Rhythms of Life

ABOUT US

HELPING THE HOMELESS,
SAVING LIVES

Homelessness is so much more than being without a permanent home, often those same people don't have a support network of family & friends which makes them very isolated, opening them up to all sorts of potential risks.

This could mean living in unsuitable temporary accommodation such as hostels or sofa-surfing. Eviction from privately rented homes is one of the leading causes of homelessness. Short contracts, unfair evictions, and sky-high rents (especially in London) mean people struggle to keep a roof over their heads.

Despite living in the world’s fifth biggest economy, many people in this country are still living with no place to call their home.

The latest figures found 2,918 people sleeping rough in London between July and September 2021, according to data from the Combined Homelessness And Information Network (Chain). More than half were sleeping rough for the first time and the majority spent just one night on the streets.

Despite living in the world’s fifth biggest economy, many people in this country are still living with no place to call their home.

Andrew Faris, the founder of Rhythms of Life, spent six years living on the streets. He’s been tackling homelessness in London for more than 13 years, ever since he set up the Rhythms of Life organisation in 2008.

The charity, which provides a daily food drop-off for homeless people in central London, with the help of major food retailers such as Whole Foods and Marks & Spencer. Mr Faris shared how during the Pandemic vulnerable people have been travelling all the way from East / South London to central London to receive basic food supplies.

ANDREW FARIS: “I WAS HOMELESS FOR SIX LONG YEARS. WHEN YOU SEE WHAT SERVICES AREN’T BEING PROVIDED, AND YOU CAN MAKE IT BETTER – THEN THAT’S WHAT YOU HAVE TO DO.”

Knowing the Homeless

Andrew: "Through the charity's work we have built relationships with our friends on the streets and have got to know their lives and stories well, feeding them 365 days a year with our food supplies."

"When people are queueing for the food, we'll sit with them and make notes to see if they can go on a life skills or an IT course with Rhythms of Life. It's things like that, that we really need additional funding for as we want to have our own home as opposed to the temporary tenancy we currently have. We would love to be in the position to give out more and provide long term solutions for our service users.

"The way we get people off the street is by first making that personal connection by offering them food and a coffee. It is like we're inviting them into our home, and by inviting them into our home, we become a friend who they will listen to and trust."

Problems we are solving

Firstly we help to eliminate homelessness by providing training programs in IT, life skills and English courses which enables our homeless friends to get training in areas they wouldn't have otherwise. From this they are in the position to gain full time employment, provide for themselves and have their own accommodation.

We are eliminating food waste by utilising left over food from major London food outlets. This has saved thousands of tons of food that would have otherwise gone to landfill sites, and enabling us to be more sustainable. We are a grass roots organisation, meaning, we have no Government funding, everyone that is part of the charity is voluntary and unpaid - this is something we are extremely proud of.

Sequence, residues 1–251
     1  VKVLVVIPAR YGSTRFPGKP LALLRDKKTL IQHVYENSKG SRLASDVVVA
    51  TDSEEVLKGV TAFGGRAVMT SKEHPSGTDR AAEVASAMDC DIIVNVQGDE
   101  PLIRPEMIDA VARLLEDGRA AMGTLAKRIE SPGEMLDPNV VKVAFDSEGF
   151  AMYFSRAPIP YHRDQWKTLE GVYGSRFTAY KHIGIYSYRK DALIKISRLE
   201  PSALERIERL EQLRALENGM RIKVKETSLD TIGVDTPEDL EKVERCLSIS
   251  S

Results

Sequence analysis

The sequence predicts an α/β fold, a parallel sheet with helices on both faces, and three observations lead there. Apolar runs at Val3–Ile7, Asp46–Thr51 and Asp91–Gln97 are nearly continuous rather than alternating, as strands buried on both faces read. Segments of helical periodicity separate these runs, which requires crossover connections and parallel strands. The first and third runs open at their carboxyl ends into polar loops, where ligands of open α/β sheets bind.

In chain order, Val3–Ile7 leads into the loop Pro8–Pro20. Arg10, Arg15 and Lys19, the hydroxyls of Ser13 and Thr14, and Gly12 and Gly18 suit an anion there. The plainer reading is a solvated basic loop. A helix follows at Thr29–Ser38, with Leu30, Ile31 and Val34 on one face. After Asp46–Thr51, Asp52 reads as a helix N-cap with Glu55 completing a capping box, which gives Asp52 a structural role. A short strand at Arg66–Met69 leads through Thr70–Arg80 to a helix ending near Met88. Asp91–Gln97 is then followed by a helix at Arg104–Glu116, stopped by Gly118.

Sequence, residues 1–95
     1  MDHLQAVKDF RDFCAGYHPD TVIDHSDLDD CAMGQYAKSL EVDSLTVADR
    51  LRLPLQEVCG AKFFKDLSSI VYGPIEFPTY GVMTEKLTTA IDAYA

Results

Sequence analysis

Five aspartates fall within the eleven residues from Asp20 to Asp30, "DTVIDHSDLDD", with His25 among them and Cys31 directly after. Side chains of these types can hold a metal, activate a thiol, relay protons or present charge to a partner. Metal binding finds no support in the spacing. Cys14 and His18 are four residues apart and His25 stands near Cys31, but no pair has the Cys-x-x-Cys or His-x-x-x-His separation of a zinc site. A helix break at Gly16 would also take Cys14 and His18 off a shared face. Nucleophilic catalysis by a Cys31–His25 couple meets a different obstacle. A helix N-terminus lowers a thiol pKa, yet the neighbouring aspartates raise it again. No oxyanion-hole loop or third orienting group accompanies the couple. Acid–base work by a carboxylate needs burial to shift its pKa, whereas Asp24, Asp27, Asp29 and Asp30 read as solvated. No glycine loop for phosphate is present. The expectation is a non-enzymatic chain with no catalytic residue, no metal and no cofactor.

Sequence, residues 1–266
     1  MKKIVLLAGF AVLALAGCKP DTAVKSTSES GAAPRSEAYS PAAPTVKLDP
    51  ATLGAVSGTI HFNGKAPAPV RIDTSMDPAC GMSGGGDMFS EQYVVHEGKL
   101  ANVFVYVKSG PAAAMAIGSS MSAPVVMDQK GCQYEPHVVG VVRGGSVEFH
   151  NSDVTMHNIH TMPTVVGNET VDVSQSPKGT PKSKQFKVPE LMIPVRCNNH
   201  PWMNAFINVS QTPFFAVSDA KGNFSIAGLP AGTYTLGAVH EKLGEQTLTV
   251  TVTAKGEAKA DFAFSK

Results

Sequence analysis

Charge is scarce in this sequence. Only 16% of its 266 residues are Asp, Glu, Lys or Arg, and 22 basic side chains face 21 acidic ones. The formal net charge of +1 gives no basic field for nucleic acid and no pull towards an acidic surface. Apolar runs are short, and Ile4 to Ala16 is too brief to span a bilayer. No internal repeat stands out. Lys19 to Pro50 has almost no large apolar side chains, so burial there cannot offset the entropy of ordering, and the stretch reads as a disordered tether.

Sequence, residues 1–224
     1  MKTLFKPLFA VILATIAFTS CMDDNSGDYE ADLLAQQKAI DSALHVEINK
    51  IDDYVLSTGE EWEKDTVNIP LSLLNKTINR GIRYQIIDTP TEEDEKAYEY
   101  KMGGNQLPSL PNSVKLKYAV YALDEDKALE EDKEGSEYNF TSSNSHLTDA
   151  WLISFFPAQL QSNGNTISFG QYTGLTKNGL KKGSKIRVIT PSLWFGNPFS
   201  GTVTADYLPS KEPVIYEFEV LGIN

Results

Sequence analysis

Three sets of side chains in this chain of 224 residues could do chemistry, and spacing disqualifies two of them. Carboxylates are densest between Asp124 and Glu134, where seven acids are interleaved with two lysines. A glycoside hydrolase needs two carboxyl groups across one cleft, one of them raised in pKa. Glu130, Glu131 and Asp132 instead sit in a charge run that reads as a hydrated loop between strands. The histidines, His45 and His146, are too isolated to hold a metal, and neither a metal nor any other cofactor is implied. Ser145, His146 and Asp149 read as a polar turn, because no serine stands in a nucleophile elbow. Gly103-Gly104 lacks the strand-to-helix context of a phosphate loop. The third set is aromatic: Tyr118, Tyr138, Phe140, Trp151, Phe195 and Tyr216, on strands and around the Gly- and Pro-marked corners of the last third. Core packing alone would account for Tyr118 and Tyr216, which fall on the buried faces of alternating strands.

Spending cuts on support services for single homeless people in England has meant a reduction of £290m a year on average since 2009, leaving people at risk with “nowhere to turn”.
(BBC, April 2019)

Andrew Faris: "I was homeless for six long years. When you see what services aren't being provided, and you can make it better - then that's what you have to do. I didn't want to just accept what was being done, but try to make some changes myself."

"I didn't understand why a lot of the organisations I was attending in and around London as a homeless person were calling it a day at 1pm. People need help all of the time. Rhythms Of Life is a charity in London that provides food 365 days a year without a day off. Rhythms of Life's ultimate goal is to allocate a premises that can be utilized as a community hub as well as a learning centre. Currently in January 2022 we are in a temporary tenancy and desperately seeking a premises for long term period that we can call our permanent home

“Some big charities have accused us of encouraging people to stay on the streets by serving them on the streets, but that's not our goal. This is just one way of connecting. Employers are unlikely to offer a homeless person a job out of the blue. The way we get people off the street, is by first making that personal connection by offering them food and a coffee. It's almost like we're inviting them into our home, and by inviting them into our home we become a friend who they will trust. This is the first step to building a relationship by having a warm meal and a nice hot cup of tea.

All of this is coming from someone who has been on the streets. I've had my head kicked in when I was asleep. Milkshakes thrown at me, my shoelaces being set on fire, and being hosed by cleaners in the morning - these were my worst times. I can tell the homeless where it's safe to sleep, where to can get a shower and signpost to them where to get help from other services.

The way I do things at Rhythms of Life, comes from experience. I know that if somebody spoke to me when I was homeless, I was then more open to suggestions about getting off the streets.

"I can tell the homeless where it's safe to sleep, where to get a shower and signpost to them where to get help from other services."

Our Standards

All our helpers are voluntary and this is something we are extremely grateful and proud of. All our staff are DBS checked and we adhere to high standards in food hygiene.